It is not unhelpful to bear in mind that the term itself is socialist in its origin. Jaurès, and the French reformists in general who emulated him, used to talk of the “consistent socialization of the democratic republic.” To this we Marxists replied that so long as political power remained in the hands of the bourgeoisie this socialization was not socialization at all and that it would not lead to socialism but only to state capitalism. To put it differently, the ownership of various factories, railways and so on by diverse capitalists would be superseded by an ownership of the totality of enterprises, railways and so on by the very same bourgeois firm, called the state. In the same measure as the bourgeoisie retains political power, it will, as a whole, continue to exploit the proletariat through the medium of state capitalism, just as an individual bourgeois exploits, by means of private ownership, “his own” workers. The term “state capitalism” was thus put forward, or at all events, employed polemically by revolutionary Marxists against the reformists, for the purpose of explaining and proving that genuine socialization begins only after the conquest of power by the working class. The reformists, as you know, built their entire program around reforms. We Marxists never denied socialist reforms. But we said that the epoch of socialist reforms would be inaugurated only after the conquest of power by the proletariat. There was a controversy over this. Today in Russia the power is in the hands of the working class. The most important industries are in the hands of the workers’ state. No class exploitation exists here, and consequently, neither does capitalism exist although its forms still persist. The industry of the workers’ state is a socialist industry in its tendencies of development, but in order to develop, it utilizes methods which were invented by capitalist economy and which we have far from outlived as yet.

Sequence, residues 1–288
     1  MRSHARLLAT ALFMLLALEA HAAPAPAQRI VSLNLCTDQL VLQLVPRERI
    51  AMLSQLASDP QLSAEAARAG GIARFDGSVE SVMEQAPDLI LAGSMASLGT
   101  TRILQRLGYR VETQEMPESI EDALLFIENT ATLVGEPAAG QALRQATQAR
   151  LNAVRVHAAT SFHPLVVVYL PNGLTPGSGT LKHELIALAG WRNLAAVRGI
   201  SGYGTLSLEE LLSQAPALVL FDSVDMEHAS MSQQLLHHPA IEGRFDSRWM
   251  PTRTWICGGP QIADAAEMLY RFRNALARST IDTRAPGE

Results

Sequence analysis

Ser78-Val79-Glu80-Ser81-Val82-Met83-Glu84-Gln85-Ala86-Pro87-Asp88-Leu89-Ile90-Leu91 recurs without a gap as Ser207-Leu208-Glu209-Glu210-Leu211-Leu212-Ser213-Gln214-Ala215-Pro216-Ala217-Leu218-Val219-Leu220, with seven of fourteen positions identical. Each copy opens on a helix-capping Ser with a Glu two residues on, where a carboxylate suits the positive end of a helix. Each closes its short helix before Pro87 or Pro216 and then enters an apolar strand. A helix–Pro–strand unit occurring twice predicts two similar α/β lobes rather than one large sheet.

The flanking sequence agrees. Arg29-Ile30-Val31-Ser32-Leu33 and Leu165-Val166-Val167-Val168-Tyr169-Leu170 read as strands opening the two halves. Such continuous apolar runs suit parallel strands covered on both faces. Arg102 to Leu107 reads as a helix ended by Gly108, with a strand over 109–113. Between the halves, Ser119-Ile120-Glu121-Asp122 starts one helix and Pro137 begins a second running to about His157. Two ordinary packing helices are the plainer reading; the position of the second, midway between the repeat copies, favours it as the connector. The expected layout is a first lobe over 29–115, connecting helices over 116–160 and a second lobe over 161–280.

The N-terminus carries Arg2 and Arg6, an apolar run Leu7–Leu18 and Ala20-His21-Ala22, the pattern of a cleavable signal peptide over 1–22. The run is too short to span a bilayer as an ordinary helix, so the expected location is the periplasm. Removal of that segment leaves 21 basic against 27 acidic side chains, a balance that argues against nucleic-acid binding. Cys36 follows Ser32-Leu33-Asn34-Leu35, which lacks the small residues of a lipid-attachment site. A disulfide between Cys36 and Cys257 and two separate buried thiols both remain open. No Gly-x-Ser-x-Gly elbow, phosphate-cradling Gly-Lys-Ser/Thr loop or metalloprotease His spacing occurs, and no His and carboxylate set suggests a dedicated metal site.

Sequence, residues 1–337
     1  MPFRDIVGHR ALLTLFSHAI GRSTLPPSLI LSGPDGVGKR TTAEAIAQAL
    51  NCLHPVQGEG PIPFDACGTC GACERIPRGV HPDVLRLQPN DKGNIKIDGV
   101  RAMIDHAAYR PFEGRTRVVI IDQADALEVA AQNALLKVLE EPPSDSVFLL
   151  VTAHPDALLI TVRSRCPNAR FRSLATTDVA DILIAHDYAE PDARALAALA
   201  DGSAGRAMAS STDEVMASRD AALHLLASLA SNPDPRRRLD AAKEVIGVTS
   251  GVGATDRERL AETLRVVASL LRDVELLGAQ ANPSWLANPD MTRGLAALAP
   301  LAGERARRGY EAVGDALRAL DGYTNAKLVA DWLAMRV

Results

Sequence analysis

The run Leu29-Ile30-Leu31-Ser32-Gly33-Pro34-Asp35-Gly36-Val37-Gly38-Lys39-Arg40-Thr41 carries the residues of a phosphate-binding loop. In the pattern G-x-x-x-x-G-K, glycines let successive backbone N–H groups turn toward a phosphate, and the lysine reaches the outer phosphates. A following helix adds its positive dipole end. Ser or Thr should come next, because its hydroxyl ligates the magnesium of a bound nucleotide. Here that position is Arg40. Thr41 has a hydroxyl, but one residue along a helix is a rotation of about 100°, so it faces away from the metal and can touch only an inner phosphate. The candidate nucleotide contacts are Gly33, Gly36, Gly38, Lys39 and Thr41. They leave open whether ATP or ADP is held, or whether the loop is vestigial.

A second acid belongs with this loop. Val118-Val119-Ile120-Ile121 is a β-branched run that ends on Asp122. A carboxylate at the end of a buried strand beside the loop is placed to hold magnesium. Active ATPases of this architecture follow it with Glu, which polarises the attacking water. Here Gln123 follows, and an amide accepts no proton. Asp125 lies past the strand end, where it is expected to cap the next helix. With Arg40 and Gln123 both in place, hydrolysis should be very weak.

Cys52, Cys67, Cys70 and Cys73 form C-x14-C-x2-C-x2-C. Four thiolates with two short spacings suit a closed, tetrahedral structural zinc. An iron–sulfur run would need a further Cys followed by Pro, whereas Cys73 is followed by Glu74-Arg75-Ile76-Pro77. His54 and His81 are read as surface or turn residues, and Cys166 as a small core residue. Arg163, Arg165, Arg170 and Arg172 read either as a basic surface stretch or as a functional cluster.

Under a genuine state capitalism, that is, under bourgeois rule, the growth of state capitalism signifies the enrichment of the bourgeois state, its growing power over the working class. In our country, the growth of soviet state industry signifies the growth of socialism itself, a direct strengthening of the power of the proletariat.
We observe more than once in history, the development of economic phenomena, new in principle, within the old integuments, and moreover this occurs by means of the most diverse combinations. When industry took root in Russia, still under the laws of feudalism, in the days of Peter the Great and thereafter, the factories and plants, while patterned after the European models of those times, were nevertheless built upon feudal beginnings. That is, serfs were attached to them in the capacity of the labour force. (These factories were called manorial factories). Capitalists like the Stroganovs, Demidovs and others, who owned these enterprises, developed capitalism within the integuments of feudalism.  Similarly, socialism must unavoidably take its first steps within the integuments of capitalism. It is impossible to make a transition to perfected socialist methods by trying to leap over one’s own head, especially if it happens to be a head that is not very clean nor well combed, as happens to be the case with our own Russian heads. This remark, I hope, will not be taken amiss, it is not meant personally. We must still learn and keep on learning.
Leslie Urquhart, English industrialist and financier, was the owner, under Czarism, of many mills and factories in the Urals and in Siberia; and director of the Russo-Asia Bank. During the Civil War years, Urquhart was one of the inspirers of imperialist intervention against the USSR. In 1922 he engaged in negotiations for concessions. ↩
The Stroganov family was an ancient Russian trading firm which operated on a large scale as far back as the days of Ivan the Terrible in the Sixteenth Century. Toward the end of the Eighteenth Century this family became converted into operators of large-scale capitalist industry. ↩